Employee compensation is a tricky topic to navigate, but experts agree that there are areas to improve upon when it comes to budgeting for compensation. For example, your current staff might be overpaid due to agreements made when workers were much harder to find, says David Foote, CEO and co-founder of Foote Partners.
Even when hiring new employees, companies tend to overpay because they rely too much on salary surveys to determine compensation levels, according to Foote: “Companies look at salary surveys and try to match them to titles, but salary surveys are deeply flawed. The titles don’t match what the people actually do.”
According to Foote, the data center can better control its personnel costs, as well as the value it derives from its staff, by paying less in annual base pay and more for specific skills. “It’s very difficult to reduce salaries. It’s much easier to reduce variable compensation,” he says. The data center might also offer additional compensation for specific projects.
Skills tend to be more valuable than certifications, Foote continues. The pay for certifications has gone down and the pay for noncertified skills has gone up in the past three years. “The value of skills changes every year,” Foote says. “Companies that roll skills into salary tend to overpay. Skills are more dynamic than salaries.”
Although Foote says that it is difficult to move an employee from a high salary to a more incentive-based payment plan, Salvatore says installing such a plan will quickly uncover the employees who are complacent and those who provide real value to the data center. In addition to certifications, Salvatore recommends including performance incentives for uptime and customer satisfaction, because both are measures of the employee’s actual value to the data center.
John Challenger, CEO of Challenger, Gray & Christmas, adds that the monetary compensation can be controlled more easily than benefits, such as health care, because the company has little input in premium increases, so he recommends keeping benefits low as a percentage of total compensation.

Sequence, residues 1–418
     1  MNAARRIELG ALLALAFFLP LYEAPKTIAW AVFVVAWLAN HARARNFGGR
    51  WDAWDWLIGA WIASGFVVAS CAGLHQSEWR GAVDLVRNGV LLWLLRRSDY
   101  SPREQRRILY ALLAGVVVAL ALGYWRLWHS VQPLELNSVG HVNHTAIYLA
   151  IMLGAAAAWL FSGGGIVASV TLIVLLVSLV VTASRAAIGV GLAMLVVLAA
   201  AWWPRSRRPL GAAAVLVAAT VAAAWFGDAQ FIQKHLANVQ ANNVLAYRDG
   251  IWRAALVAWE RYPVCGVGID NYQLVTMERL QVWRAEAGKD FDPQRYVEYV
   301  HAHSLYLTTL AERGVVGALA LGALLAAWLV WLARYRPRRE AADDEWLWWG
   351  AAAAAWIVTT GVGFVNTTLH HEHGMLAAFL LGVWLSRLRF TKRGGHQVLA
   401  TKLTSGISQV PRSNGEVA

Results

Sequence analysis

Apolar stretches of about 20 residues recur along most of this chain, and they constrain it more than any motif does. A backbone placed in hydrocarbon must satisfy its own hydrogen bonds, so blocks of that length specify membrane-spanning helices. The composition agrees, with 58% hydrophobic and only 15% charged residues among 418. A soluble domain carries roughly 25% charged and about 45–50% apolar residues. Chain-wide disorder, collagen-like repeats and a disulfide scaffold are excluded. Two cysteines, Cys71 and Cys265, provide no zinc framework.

“You need to keep entitlements down because they can be difficult to get rid of,” Enderle agreed.
Use Training Incentives Wisely
Training can be another significant personnel expense, but it’s one that can be controlled using a couple of different strategies.
Enderle recommends reimbursing your employees for approved training. Other recommendations include providing partial reimbursement for training, with stipulations that reimbursements must be repaid if an employee leaves the data center before a certain amount of time.
However, Salavatore says that companies shouldn’t depend on training to make up for any deficiencies a worker has when initially hired but to help the employee and data center benefit from additional skills.
by Phil Britt
Top Tip: Use Third-Party Recruiting Services Wisely |
After assessing their current personnel and skill sets, data center admins may find that they need to add personnel. However, in many companies, human resources operations have been reduced in response to the recession, so admins may need to rely on third-party headhunters, particularly if they are looking for certain skill sets or specialties.
But even when using a third party for recruiting and hiring, the data center should do its own background check on any potential hires, advises Rob Enderle, principle analyst for the Enderle Group. He adds that the data center should also conduct due diligence on any hiring firm by investigating the success previous placements have had.